NAFTA is being renegotiated. The United States is no longer a partner in the TTP that could not enter into force, although it does not rule out joining the new Comprehensive and Progressive Agreement for Trans-Pacific Partnership. The closed-doors TTIP negotiations suffer criticism and misgivings on both sides of the Atlantic. The fashionable new protectionism in Western nations embodied by Trump’s campaign promises and those of the Marine Le Pens of Western Europe—those same nations that were the core countries promoting the post World War II order encompassing the Bretton Woods institutions, the GATT and later the WTO—might have dire consequences if pursued emphatically. Indeed, Krugman warned early that “if the West throws up barriers to imports out of a misguided belief that they will protect Western living standards, the effect could be to destroy the most promising aspect of today’s world economy: the beginning of widespread economic development, of hopes for a decent living standard for hundreds of millions, even billions, of human beings” and that “the view that competition from the Third World is a major problem for advanced countries is questionable in theory and flatly rejected by the data”.25 The World Bank in its well-known study Globalization, Growth and Poverty: Building an Inclusive World Economy of 2002 corroborated Krugman’s predictions but also warned of winners and losers in both the developed and the developing world: “while integration has on average been a positive force for growth and poverty reduction in developing countries, there are inevitably specific winners and losers, especially in the short run. This is true in rich and poor countries. The firm-level evidence shows that much of the dynamic benefit of open trade and investment comes from more "churning" of plants—less efficient ones die, and new ones start up and expand. With this comes more labor market churning as well probably the key reason why globalization is so controversial. It raises wages on average in both rich and poor countries, but there are some significant losers”.26 In spite of the protests of the anti-globalists, the wider consensus in the political community up to Trump’s victory has been one that has given validity to the data that showed globalization having a positive effect on poverty alleviation and income growth at the world level. If this is true, liberals, who favor democracies, should be avid supporters of globalization. Carles Boix has concluded, in an analysis of sovereign countries going back to the beginning of the nineteenth century that “per capita income is statistically associated with the process of democratization” and that “development has a causal effect on democracy”.27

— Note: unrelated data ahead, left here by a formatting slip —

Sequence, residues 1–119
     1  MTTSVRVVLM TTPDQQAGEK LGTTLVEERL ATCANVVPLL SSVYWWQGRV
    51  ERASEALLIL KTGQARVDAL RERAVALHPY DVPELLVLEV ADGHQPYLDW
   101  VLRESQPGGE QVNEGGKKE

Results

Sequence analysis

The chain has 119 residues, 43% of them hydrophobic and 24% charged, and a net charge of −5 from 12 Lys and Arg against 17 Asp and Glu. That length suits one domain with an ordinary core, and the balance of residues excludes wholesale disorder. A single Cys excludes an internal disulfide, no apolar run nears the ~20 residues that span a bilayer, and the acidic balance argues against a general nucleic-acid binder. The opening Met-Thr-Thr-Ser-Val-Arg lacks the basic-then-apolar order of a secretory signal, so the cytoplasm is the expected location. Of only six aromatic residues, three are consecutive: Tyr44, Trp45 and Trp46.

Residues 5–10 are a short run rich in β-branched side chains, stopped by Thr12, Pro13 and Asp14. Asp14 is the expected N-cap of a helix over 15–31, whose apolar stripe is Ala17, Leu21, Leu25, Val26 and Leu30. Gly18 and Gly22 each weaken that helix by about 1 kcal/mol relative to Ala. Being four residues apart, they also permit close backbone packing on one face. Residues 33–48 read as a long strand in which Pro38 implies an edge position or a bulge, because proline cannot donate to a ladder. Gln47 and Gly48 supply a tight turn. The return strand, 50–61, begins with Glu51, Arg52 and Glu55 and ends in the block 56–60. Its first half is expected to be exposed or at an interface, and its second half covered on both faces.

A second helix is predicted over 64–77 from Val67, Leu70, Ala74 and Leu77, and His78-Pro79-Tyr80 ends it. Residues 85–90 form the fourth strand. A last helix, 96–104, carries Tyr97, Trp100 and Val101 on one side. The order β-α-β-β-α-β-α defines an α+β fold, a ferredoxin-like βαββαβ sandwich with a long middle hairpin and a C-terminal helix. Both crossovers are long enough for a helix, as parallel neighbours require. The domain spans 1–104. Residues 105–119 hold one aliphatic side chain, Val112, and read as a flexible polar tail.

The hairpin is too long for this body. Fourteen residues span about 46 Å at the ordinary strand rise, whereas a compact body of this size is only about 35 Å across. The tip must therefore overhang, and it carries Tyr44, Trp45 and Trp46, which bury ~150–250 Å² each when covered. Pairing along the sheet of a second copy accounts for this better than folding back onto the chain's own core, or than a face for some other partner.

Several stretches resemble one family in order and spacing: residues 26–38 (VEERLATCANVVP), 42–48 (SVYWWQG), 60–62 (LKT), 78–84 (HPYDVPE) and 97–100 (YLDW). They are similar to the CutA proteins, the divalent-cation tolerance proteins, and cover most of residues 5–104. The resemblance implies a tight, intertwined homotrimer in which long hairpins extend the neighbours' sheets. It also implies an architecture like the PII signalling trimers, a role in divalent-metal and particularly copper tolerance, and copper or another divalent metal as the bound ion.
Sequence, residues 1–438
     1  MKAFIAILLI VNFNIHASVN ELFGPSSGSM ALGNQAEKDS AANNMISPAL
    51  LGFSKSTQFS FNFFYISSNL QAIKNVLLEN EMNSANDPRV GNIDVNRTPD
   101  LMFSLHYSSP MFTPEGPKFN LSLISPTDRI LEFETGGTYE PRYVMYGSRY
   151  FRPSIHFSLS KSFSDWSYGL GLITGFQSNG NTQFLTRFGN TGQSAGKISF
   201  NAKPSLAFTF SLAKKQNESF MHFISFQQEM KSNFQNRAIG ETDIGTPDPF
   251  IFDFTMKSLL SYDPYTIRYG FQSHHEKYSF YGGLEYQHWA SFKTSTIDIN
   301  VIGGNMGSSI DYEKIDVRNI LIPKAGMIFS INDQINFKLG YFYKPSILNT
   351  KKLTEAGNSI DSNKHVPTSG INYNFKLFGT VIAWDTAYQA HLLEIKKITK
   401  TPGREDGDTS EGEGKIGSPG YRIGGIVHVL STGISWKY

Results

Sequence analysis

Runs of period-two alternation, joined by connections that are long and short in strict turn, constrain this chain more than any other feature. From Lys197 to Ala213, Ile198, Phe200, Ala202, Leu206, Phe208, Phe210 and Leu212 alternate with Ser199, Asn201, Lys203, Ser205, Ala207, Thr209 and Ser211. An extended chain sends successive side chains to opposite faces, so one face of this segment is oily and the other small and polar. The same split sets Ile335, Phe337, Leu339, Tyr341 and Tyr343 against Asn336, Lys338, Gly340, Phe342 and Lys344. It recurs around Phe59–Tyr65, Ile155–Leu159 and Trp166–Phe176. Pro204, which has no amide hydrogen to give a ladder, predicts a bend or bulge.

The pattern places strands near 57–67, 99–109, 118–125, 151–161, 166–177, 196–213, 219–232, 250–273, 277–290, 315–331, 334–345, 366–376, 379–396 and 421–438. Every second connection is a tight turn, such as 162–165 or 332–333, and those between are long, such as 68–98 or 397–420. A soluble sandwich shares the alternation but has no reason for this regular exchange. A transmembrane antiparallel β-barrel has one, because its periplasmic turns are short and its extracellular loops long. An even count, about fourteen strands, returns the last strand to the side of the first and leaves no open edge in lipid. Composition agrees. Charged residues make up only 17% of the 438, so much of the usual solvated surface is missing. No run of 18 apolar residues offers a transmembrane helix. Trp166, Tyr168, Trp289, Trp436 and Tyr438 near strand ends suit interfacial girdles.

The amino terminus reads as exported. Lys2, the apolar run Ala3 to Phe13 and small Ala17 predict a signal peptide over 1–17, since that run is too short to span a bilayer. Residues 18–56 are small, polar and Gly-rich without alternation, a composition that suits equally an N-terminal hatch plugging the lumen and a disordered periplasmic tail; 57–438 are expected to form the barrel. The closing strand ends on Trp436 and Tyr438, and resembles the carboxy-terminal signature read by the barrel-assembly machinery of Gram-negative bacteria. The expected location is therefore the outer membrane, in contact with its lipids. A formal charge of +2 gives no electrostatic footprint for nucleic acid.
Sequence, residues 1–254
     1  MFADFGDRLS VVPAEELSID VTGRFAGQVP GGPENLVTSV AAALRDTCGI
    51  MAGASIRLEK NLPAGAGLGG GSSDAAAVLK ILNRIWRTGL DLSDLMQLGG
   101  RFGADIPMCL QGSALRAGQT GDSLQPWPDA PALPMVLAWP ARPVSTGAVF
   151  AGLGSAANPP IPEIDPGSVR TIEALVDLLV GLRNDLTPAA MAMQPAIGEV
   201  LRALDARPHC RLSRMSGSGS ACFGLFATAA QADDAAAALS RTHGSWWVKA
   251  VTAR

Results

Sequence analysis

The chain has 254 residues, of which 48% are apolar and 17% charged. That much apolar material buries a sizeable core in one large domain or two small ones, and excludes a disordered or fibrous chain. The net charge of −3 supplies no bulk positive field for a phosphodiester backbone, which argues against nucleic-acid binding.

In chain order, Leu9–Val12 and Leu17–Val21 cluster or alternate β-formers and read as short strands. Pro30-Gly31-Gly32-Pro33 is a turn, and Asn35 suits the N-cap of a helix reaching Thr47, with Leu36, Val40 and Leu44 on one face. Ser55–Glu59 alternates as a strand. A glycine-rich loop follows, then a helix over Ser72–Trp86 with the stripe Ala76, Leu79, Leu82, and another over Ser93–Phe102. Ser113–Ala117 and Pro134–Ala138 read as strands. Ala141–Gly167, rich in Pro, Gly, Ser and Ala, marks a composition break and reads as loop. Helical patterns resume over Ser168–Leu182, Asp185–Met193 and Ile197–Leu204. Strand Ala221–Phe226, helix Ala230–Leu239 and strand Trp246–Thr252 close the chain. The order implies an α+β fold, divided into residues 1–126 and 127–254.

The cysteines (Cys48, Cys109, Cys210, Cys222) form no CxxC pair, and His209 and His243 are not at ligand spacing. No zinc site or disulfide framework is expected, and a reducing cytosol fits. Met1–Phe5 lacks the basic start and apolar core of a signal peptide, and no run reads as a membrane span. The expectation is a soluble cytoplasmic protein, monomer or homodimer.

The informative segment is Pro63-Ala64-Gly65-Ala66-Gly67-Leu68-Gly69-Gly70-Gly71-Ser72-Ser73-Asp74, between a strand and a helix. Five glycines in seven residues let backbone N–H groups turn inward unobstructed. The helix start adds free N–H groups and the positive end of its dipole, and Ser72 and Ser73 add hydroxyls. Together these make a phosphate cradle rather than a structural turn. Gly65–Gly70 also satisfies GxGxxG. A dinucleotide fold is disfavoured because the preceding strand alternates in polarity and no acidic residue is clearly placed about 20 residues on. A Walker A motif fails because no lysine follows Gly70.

Some scholars, like Robert Hunter Wade. are more cautious in their assessments of the positive effects of globalization. Although he asserts that “it is plausible, and important, that the proportion of the world’s population living in extreme poverty has probably fallen over the past two decades or so, having been rising for decades before then,” he is wary of the large margin of error that affect World Bank numbers and make the trend look rosier than it really is; he also distinguishes the large effect that China has on measures of inequality: “one combination of inequality measures does yield the conclusion that income inequality has been falling—PPP-income per capita weighted by population, measured by an averaging coefficient such as the Gini” but “ take out China and even this measure shows widening inequality”.28